Keeping the camera in manual focus, using a tripod, and considering your background will help you produce a quality video. Following these three tips can save you from producing video with elements that distract the viewer.
Keep the camera in manual focus.
You also want to be sure your camera is in manual focus. If it is in auto focus, you will notice the focus changing constantly during your taping. The auto focus constantly adjusts the focus and can be confused instead of accurate. When you move, it will move. The worst part is that it moves more than you do. This will make your video blurry at times. Instead, put your camera in manual focus, zoom in all the way to where you will be standing, grab the manual focus mechanism and adjust accordingly. Once it is set, you’re ready to go!
Use a tripod.
This almost goes without saying — use a tripod. If you are really concerned with quality but will only shoot one program, rent a good tripod. Like in the music world where speakers make the system, in video the tripod makes the video. A crummy tripod will give you a crummy video. A good tripod will allow for smooth, fluid movement instead of jerky, bumpy movement.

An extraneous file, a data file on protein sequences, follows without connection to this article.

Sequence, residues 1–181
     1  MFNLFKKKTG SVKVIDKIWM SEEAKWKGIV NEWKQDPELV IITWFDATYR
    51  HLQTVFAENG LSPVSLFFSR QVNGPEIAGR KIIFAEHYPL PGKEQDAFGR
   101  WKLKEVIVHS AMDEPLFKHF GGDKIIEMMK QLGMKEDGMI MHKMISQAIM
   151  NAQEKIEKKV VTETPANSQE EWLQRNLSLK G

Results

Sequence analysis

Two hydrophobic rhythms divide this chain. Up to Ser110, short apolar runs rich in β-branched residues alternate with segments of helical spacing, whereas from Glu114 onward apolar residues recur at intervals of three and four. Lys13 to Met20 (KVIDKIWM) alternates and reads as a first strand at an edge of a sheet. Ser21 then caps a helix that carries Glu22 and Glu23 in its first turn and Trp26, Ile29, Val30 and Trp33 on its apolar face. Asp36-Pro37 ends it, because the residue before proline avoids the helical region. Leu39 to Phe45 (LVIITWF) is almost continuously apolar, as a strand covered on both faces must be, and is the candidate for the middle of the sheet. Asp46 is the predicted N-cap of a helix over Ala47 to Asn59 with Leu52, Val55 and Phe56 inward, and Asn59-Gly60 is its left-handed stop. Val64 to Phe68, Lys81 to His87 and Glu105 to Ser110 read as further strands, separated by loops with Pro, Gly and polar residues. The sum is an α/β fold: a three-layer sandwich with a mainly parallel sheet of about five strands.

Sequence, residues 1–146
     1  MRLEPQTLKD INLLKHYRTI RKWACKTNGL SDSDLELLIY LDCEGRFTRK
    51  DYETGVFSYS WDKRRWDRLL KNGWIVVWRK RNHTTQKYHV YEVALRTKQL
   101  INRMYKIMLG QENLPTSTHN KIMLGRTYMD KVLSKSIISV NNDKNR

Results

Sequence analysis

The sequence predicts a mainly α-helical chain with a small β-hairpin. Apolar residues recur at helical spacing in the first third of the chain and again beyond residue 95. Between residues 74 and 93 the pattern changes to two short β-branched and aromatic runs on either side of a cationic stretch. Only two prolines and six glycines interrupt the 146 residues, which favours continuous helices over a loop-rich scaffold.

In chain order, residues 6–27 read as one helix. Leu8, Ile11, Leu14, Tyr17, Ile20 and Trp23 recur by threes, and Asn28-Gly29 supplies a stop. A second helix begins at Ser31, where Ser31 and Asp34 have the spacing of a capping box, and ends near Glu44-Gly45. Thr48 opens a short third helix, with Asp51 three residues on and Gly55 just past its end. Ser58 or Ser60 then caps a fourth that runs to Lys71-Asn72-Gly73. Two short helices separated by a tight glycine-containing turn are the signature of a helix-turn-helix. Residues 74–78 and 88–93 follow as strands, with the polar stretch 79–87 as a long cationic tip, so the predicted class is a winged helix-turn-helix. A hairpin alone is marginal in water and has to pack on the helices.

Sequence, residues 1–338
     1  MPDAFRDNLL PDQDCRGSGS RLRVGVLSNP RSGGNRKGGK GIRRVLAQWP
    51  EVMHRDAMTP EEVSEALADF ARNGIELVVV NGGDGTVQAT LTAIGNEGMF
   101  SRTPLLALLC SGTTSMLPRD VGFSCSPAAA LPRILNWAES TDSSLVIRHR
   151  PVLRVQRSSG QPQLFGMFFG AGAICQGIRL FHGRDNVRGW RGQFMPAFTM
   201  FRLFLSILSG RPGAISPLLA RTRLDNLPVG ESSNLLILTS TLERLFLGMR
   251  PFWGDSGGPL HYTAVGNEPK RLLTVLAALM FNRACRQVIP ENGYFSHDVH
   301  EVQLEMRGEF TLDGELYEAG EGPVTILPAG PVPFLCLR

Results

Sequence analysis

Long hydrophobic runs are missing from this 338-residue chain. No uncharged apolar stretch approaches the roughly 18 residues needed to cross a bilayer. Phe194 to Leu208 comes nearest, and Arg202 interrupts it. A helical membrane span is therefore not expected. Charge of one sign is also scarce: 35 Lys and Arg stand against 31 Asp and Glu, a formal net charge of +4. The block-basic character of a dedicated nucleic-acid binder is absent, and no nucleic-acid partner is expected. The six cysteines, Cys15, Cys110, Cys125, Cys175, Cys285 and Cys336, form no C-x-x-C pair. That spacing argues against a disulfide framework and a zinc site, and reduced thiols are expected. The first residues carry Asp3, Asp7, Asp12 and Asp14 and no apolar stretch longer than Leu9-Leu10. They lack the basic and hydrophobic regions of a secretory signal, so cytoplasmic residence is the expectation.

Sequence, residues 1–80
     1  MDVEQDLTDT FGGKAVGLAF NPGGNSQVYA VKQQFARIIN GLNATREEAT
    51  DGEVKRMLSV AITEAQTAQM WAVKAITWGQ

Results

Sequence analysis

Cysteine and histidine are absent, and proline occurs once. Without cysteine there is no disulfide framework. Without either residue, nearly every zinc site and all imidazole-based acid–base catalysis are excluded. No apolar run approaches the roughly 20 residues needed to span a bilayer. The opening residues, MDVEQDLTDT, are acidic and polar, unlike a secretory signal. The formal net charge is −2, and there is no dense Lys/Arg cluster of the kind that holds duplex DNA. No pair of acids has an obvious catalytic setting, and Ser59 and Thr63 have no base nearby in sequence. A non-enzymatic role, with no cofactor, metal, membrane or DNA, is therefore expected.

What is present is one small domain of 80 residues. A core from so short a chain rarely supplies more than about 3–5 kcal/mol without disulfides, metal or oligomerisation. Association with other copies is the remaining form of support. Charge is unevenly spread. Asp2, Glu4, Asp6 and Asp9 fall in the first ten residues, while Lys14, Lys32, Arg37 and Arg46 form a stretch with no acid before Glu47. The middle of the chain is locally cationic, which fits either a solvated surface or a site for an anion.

Consider your background.
You never, ever want to shoot your video with your subject against a wall. Your subject should be six to ten feet away from the wall behind them. This will give the video some depth of field. When you shoot video with less than six feet behind the subject, the footage will look flat and you will experience shadows. This will be distracting and unprofessional.
I have a motto in life: it is easier to ask for forgiveness than permission. Borrow (on your time and dime) some plants or other backdrop type of subject matter. Get creative because what you see is what you get! I shot a video for Bob Eubanks (formerly of Newlywed Game fame) in Indianapolis for a video brochure. I introduced myself to the banquet manager and informed him that I needed the stage to look good for the video. We created a beautiful stage using plants, a couple of nice looking chairs and an end table from the lobby. I simply tipped him $20 and he was as happy as a clam.
Now, it won’t always be this easy. Sometimes you will have to work a bit harder but it will be worth the effort. The background is very important when shooting video. It’s just as important as good sound, good lighting and good picture quality.